Friday, 26 March 2010

Jesus' blood never failed me yet.

This article tells of the history of the simple song/hymn :'Jesus' blood never failed me yet.'It is a 'rigged' duet, sung by an unnamed homeless person and the popular Tom Waits. As described below the homeless man was not a drunk, a stark reminder that people can be made homeless for a variety of reasons not just alcohol abuse! For instance many have been made homeless as a result of a breakdown or lost their money in a business venture-even though they often end up so low that they hit the drink in order to numb the pain.

Whatever the reason,he remembered this song from somewhere or perhaps even made it up.He might also have been an angel in disquise(Heb.13.1-2) or even an ev-angel-ist, there on the street sharing the message of hope and salvation to those without hope.The simple words of the song are powerful, and for every Christian, and for those who put their trust in Christ a confession of spiritual strength in the midst of trouble, feelings of rejection, alienation and distress.

'The man upon the tree' swallowed 'all the poison' that Satan offered him on the cross and came through it victorious.Through his shed blood,forgiveness and the power to conquer sin and Satan is now available to all who call on his name. Even after 2000 years his blood is still as fresh, and as powerful as it was all those years ago, and will,as the song makes clear, never fail you.AK

In 1971, when I lived in London, I was working with a friend, Alan Power, on a film about people living rough in the area around Elephant and Castle and Waterloo Station. In the course of being filmed, some people broke into drunken song - sometimes bits of opera, sometimes sentimental ballads - and one, who in fact did not drink, sang a religious song "Jesus' Blood Never Failed Me Yet". This was not ultimately used in the film and I was given all the unused sections of tape, including this one.

When I played it at home, I found that his singing was in tune with my piano, and I improvised a simple accompaniment. I noticed, too, that the first section of the song - 13 bars in length - formed an effective loop which repeated in a slightly unpredictable way. I took the tape loop to Leicester, where I was working in the Fine Art Department, and copied the loop onto a continuous reel of tape, thinking about perhaps adding an orchestrated accompaniment to this. The door of the recording room opened on to one of the large painting studios and I left the tape copying, with the door open, while I went to have a cup of coffee. When I came back I found the normally lively room unnaturally subdued. People were moving about much more slowly than usual and a few were sitting alone, quietly weeping.I was puzzled until I realised that the tape was still playing and that they had been overcome by the old man's singing. This convinced me of the emotional power of the music and of the possibilities offered by adding a simple, though gradually evolving, orchestral accompaniment that respected the tramp's nobility and simple faith. Although he died before he could hear what I had done with his singing, the piece remains as an eloquent, but understated testimony to his spirit and optimism.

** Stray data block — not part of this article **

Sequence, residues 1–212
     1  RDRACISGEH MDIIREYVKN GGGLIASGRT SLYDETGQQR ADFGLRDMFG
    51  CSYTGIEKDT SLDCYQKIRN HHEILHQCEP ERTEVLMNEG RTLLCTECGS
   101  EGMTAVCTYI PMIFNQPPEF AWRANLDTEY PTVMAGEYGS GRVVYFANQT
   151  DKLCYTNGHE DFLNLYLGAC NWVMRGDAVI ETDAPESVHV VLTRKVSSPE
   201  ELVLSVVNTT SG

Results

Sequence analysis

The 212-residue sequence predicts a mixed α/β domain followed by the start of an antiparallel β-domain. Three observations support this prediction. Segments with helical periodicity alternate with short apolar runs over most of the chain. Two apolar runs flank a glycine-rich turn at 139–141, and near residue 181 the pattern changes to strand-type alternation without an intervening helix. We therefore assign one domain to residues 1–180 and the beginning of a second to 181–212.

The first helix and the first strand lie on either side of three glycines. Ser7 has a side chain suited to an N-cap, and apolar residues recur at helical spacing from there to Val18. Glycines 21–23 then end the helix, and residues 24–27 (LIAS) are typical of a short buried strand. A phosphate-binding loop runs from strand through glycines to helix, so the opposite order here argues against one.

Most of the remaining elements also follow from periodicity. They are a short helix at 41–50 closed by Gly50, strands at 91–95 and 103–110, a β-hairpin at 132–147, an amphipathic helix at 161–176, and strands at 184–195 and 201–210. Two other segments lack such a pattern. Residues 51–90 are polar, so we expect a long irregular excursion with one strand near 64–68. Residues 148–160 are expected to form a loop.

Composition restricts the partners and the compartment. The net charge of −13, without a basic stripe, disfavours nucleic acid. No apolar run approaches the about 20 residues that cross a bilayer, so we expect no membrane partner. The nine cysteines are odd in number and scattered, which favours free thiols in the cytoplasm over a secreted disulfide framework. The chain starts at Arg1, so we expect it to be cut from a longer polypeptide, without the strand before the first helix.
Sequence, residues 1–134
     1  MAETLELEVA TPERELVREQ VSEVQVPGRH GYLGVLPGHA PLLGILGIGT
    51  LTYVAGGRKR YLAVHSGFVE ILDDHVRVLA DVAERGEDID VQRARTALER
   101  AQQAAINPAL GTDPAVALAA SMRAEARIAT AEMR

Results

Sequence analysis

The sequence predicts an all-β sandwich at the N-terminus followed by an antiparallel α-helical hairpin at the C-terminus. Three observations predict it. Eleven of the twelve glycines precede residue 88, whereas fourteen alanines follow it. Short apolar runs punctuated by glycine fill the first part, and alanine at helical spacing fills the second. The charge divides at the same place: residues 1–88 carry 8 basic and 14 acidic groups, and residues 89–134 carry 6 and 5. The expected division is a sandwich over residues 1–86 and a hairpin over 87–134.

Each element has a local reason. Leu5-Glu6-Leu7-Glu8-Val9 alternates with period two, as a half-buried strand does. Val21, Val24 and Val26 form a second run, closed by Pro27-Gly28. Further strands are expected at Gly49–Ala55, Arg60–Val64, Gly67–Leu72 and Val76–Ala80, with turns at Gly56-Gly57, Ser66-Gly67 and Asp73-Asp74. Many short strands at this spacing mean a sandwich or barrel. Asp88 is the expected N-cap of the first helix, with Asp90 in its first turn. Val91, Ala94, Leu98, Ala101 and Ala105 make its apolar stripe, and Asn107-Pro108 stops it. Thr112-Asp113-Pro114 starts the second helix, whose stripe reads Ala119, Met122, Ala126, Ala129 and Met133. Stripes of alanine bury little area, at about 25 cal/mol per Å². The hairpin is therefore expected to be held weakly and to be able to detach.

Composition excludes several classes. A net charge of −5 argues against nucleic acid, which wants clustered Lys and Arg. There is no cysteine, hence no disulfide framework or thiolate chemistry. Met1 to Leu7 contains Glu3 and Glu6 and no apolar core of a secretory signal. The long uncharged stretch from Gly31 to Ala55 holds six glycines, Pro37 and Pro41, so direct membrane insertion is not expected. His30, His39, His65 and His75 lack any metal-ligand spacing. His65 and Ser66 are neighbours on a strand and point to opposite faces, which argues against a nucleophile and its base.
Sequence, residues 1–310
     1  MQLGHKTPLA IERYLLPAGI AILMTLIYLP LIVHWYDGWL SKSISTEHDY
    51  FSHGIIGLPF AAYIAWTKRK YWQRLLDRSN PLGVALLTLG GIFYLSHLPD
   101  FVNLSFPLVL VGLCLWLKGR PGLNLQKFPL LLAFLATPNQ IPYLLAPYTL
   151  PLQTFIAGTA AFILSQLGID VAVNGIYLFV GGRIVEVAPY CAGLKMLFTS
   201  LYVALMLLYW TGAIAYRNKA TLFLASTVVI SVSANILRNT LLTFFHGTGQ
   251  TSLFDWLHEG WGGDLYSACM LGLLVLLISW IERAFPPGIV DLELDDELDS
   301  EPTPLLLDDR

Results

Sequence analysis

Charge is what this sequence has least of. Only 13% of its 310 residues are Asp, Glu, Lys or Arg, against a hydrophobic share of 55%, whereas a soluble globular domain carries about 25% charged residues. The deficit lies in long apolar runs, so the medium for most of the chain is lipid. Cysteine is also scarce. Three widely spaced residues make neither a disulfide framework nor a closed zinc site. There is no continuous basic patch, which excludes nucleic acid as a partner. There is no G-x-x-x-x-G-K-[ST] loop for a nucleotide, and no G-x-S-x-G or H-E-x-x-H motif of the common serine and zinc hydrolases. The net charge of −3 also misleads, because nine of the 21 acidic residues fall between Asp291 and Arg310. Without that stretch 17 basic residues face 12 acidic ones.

The piece was originally recorded on Brian Eno's Obscure label in 1975 and a substantially revised and extended version for Point Records in 1993. The version which is played by my ensemble was specially created in 1993 to coincided with this last recording.

Gavin Bryars.

1 comment:

Anne Boydell said...

Does anybody know the origins of the hymn and what the rest of the words are?